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Carbonate Source Rocks in the Jurassic Smackover Trend of Mississippi, Alabama, and Florida

John H. Oehler
John H. Oehler
Conoco, Incorporated, Exploration Research, Ponca City, Oklahoma1
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January 01, 1984


The Smackover trend is a belt of carbonate, evaporite, and clastic rocks of Late Jurassic age that rims the Gulf Coast of the United States from Texas to the Florida panhandle. This study focuses on the eastern end of the trend, where recent exploration has resulted in numerous oil and gas discoveries. Stratigraphic and geochemical data indicate that the oil and gas were generated from algal-rich lime mudstones (argillaceous content typically less than 6%) of the lower Smackover Formation. The hydrocarbons are present in carbonate grainstones of the overlying upper Smackover Formation and/or sandstones of the underlying Norphlet Formation.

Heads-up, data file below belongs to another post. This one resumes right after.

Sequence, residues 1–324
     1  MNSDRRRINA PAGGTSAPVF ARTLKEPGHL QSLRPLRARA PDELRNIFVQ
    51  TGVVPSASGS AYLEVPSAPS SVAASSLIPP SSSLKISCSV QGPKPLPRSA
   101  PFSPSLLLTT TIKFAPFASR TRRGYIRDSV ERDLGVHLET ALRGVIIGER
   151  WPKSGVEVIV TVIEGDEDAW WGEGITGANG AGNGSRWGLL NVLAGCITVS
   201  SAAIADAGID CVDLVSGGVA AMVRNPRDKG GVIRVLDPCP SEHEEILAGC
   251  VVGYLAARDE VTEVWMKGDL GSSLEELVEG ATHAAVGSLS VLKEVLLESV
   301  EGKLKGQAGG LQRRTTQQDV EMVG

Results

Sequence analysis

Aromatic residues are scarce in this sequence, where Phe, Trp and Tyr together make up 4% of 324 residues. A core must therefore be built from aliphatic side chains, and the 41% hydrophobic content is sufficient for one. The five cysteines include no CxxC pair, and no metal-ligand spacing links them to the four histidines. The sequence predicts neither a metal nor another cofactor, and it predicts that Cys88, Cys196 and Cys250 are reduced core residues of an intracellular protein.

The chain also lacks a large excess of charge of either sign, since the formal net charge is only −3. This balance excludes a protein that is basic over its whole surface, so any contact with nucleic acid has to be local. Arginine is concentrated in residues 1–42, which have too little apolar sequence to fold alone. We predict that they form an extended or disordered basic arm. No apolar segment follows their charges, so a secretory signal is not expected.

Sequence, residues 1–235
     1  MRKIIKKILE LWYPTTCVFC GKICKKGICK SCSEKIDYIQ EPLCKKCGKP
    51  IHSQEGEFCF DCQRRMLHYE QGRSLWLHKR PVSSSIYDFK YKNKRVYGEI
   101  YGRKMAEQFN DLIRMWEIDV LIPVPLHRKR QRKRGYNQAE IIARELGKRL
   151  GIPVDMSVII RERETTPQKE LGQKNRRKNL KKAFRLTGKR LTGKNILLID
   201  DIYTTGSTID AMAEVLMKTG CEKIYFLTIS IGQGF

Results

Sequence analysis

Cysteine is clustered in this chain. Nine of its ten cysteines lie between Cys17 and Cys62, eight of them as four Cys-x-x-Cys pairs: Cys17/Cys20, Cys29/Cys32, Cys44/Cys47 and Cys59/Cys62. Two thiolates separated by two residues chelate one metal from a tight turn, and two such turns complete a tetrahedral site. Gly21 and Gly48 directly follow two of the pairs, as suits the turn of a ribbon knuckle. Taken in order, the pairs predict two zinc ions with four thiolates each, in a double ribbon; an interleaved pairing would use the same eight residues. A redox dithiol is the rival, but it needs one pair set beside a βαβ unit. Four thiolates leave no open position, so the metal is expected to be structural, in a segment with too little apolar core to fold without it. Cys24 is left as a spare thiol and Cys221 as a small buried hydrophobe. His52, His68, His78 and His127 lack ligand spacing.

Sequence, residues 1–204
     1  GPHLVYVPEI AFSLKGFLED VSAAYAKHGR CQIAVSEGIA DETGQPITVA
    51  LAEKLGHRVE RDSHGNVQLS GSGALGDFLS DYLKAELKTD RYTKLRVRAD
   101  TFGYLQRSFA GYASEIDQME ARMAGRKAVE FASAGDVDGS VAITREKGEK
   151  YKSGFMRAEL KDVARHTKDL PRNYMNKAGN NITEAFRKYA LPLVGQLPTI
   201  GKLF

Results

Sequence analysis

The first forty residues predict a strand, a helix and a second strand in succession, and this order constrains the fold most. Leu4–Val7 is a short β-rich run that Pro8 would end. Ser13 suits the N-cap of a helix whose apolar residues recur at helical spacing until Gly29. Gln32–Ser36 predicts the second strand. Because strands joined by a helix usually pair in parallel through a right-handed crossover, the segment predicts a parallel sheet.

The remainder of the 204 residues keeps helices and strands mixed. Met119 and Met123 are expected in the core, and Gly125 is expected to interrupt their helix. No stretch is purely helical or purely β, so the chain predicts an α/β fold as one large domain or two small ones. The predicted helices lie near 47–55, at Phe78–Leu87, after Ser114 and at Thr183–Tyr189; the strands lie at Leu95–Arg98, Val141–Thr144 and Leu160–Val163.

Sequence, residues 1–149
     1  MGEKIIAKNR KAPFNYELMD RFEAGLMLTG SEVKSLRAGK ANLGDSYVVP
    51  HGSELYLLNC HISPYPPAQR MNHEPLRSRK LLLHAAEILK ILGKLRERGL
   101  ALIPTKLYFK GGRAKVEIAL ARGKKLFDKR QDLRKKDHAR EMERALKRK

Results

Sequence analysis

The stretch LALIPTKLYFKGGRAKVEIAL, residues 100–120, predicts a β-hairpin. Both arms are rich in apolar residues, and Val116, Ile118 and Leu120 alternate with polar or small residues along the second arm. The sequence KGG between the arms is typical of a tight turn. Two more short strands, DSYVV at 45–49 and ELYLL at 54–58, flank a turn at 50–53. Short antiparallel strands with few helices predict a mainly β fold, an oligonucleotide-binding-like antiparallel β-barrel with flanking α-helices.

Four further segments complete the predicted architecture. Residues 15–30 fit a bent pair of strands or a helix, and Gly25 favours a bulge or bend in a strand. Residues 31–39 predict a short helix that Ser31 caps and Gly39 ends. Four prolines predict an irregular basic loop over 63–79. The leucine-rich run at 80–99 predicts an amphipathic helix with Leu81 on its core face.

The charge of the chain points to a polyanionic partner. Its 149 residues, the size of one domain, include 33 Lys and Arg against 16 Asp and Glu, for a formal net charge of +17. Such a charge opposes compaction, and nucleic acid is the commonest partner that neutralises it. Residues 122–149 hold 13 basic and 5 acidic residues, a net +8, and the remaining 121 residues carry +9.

Results of this study and of similar studies in other areas of the world indicate that carbonate rocks with good source potential are typically light-brown to black, fine-grained, laminated limestones. Such rocks were laid down in a rather restricted range of depositional environments, the most important of which (very shallow settings with restricted circulation and isolated basins on broad platforms) occupy specific, predictable positions on carbonate shelves. Recognition of these facts can aid explorationists in locating reservoirs associated with carbonate source rocks.

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AAPG Studies in Geology

Petroleum Geochemistry and Source Rock Potential of Carbonate Rocks

James G. Palacas
James G. Palacas
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American Association of Petroleum Geologists
ISBN electronic:
Publication date:
January 01, 1984




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